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Citizen Scientists Make First Deep Space Discovery With Einstein@Home

12 Aug

While your computer is running idle, it could be finding new pulsars and black holes in deep space.

Three volunteers running the distributed computing program Einstein@Home have discovered a new pulsar in the data from the Arecibo Observatory radio telescope. Their computers, one in Iowa (owned by two people) and one in Germany, downloaded and processed the data that found the pulsar, which is in the Milky Way, approximately 17,000 light years from Earth in constellation Vulpecula.

“The way that we found the pulsar using distributed computing with volunteers is a new paradigm that we’re going to make better use of in astronomy as time goes on,” said astronomer Jim Cordes of Cornell University. “This really has legs.”

About 250,000 volunteers run Einstein@Home, on average donating about 250 teraflops of computing power — equivalent to a quarter of the capacity of the largest supercomputer in the world, says program developer David Anderson of University of California at Berkeley’s Space Sciences Laboratory, co-author of the Aug. 12 discovery announcement in Science.

Einstein@Home has been searching for gravitational waves in the data from the US LIGO Observatory since 2005, and since March 2009 has dedicated one-third of its power to searching for radio pulsars and black holes in the Arecibo data. As of this week, it will start dedicating half of its processing power to data from Arecibo, the world’s largest and most sensitive radio telescope, physicist Bruce Allen of the Max Plank Institute for Gravitational Physics in Germany and co-author of the study announced a press conference Aug. 12.

The new pulsar, dubbed PSR J2007+2722, is a neutron star rotating 41 times per second. Pulsars are birthed when stars five to 10 times as massive as our sun explode into a supernova and then collapse into stars composed almost entirely of neutrons.

The data from Arecibo was processed on the computer in Iowa June 11, and then also processed on a computer in Germany June 14 for validation. The finding was part of a larger search that returned results on July 10, which was the first time a human being was aware of the discovery.

Aerial view of the Arecibo Observatory radio telescope.

The person who looked at the results notified Greenbank Observatory in West Virginia, which immediately pointed their telescope at the new pulsar to verify it. Within hours, Arecibo Observatory in Puerto Rico also pointed their telescope at it.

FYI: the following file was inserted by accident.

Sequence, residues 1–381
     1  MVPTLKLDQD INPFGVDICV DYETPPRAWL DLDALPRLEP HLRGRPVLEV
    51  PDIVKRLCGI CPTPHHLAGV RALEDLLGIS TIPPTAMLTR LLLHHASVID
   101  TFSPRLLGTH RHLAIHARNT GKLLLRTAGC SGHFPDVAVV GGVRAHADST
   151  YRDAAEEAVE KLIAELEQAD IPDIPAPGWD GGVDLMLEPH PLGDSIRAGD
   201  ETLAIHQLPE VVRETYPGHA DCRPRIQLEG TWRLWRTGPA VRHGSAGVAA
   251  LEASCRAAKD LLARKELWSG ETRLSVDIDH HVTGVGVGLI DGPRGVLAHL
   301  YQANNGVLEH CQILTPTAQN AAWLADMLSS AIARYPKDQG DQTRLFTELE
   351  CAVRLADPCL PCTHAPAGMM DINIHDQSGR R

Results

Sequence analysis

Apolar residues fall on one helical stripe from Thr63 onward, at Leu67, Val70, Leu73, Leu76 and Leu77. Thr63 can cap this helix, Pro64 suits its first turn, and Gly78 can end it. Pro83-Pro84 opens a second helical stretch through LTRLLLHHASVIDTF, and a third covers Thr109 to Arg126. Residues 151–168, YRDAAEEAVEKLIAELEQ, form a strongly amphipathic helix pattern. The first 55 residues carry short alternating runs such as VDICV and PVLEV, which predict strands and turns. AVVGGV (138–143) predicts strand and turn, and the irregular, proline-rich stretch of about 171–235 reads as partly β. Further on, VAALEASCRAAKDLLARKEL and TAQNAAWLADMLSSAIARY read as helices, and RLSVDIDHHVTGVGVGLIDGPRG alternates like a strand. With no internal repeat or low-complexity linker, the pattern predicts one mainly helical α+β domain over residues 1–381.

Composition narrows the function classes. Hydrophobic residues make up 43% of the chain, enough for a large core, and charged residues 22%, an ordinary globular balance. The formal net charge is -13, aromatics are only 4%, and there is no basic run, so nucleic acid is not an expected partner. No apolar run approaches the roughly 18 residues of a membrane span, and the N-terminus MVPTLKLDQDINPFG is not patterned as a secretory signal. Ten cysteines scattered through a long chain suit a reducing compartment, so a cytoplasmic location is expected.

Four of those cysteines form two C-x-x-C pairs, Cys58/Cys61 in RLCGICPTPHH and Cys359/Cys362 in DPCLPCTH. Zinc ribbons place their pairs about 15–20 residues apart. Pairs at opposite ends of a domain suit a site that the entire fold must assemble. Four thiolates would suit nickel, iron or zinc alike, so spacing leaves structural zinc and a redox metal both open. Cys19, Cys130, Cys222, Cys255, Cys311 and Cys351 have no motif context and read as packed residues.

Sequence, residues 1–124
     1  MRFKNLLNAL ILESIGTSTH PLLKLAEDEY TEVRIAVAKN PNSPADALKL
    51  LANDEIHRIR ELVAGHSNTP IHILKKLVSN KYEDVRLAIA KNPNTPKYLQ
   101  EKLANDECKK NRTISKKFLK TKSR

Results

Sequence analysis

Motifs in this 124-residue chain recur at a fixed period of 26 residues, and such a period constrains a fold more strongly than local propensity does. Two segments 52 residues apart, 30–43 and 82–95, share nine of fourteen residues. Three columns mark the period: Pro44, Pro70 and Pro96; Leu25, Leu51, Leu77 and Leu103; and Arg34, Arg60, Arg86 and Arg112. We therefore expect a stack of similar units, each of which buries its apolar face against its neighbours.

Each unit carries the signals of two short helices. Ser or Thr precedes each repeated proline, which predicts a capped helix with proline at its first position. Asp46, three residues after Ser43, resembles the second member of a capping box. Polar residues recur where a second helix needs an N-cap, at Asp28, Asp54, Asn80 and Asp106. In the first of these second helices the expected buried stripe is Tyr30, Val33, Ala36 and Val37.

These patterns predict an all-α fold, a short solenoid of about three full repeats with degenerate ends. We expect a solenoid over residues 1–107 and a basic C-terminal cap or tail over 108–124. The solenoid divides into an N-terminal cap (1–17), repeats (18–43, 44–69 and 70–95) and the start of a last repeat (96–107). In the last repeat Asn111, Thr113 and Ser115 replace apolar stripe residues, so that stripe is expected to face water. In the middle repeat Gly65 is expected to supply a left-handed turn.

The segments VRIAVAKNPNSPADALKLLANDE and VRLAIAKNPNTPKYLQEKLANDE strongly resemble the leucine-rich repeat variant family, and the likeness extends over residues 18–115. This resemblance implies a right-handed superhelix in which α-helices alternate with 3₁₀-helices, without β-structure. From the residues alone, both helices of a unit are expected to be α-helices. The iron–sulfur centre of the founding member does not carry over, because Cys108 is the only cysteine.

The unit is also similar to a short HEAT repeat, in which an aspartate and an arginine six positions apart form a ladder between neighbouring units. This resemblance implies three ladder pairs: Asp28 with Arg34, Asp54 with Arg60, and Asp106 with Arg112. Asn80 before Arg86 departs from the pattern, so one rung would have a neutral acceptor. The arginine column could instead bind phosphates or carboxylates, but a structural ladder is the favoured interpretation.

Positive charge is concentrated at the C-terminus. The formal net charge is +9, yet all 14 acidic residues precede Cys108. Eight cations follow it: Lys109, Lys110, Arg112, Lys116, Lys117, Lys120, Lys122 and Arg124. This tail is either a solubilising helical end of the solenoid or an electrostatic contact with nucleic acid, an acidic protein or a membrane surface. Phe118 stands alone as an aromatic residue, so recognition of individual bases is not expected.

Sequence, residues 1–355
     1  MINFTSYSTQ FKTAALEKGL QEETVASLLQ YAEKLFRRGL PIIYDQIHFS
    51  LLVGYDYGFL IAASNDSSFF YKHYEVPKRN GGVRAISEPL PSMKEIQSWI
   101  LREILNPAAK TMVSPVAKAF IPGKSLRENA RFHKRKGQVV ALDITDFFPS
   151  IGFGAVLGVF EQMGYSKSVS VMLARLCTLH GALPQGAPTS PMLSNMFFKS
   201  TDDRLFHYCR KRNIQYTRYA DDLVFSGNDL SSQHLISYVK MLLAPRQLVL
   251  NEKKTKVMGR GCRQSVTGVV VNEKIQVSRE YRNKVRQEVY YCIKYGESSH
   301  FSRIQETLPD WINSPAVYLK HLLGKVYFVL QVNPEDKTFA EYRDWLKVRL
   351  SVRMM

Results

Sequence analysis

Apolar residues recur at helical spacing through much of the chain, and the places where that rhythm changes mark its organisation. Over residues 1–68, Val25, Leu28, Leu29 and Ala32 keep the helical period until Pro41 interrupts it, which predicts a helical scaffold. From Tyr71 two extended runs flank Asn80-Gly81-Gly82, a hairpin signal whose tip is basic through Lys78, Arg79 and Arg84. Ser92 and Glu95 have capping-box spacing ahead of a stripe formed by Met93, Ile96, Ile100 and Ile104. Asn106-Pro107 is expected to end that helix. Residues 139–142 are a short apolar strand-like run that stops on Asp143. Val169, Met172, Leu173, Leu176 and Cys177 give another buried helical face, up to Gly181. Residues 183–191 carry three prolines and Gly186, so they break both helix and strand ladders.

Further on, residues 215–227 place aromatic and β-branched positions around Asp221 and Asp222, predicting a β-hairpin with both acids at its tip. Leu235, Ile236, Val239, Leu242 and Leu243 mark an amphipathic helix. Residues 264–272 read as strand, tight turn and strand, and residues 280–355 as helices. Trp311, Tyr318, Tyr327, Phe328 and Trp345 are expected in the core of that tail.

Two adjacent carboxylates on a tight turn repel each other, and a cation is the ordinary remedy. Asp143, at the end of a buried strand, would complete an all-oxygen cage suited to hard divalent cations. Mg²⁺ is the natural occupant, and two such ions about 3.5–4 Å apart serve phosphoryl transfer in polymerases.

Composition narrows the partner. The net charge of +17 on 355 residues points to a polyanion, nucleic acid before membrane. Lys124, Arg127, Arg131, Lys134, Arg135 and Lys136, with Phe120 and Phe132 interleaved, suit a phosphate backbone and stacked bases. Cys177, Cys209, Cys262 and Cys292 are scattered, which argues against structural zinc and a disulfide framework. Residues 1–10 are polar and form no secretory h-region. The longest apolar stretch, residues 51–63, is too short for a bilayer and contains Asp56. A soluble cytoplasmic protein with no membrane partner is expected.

“This is the first time I’ve worked closely with radio astronomers making a discovery,” said Allen. “It was like watching 5-year-olds tearing Christmas presents. Or like watching someone throw chunks of meat at starving sharks.”

Pulsars are named after the pulsing signals they send to Earth. The pulse comes from the spin and the magnetic field of the neutron star being on two different axes, which acts like an electric generator and creates a beamed signal that rotates like a lighthouse. Cordes says theoretical predictions are that only about 20 percent of the pulsars in the galaxy are detectable on Earth because the beam needs to point directly at us to be detected.

Often, pulsars have a companion star or neutron star that was originally born in the same cloud of gas. But this new pulsar doesn’t and is likely a disrupted recycled pulsar. This means the pulsar once had a companion star that it sucked matter from as the star swelled up into a red giant, which caused the pulsar to cycle faster (recycle). The red giant star then exploded into a supernova and blasted the pulsar away, leaving it alone in space (disrupted).

The new pulsar is one of around 2000 pulsars that have been discovered using radio telescopes in the past 43 years, said Cordes. He estimates there are 20,000 pulsars in the Milky Way that could be detected.

“I see this as a long-term effort where we’re going to find really interesting objects,” said Cordes. “We’d like to find a pulsar orbiting a black hole, or a pulsar orbiting another neutron star so that we can test some of Einstein’s predictions of the general theory of relativity”

You can become part of the effort by downloading BOINC. The program has been used to create 70 different distributed computing projects (almost every one in existence except Folding@Home), and you can decide what fraction of your spare computing power you want to dedicate to each of the 70 projects.

In case you need more incentive, Cordes announced that a second pulsar has been already been discovered in the last month by Einstein@Home users in the United Kingdom and Russia. He’s keeping details to himself for now.

“We have a very large data set,” Cordes added at the press conference. “We just need to cull through it, and Einstein@Home lets us use a much finer comb.”


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Images: 1) Screen shot of Einstein@Home/B. Knispel, Albert Einstein Institute. 2) Copyright Cornell University.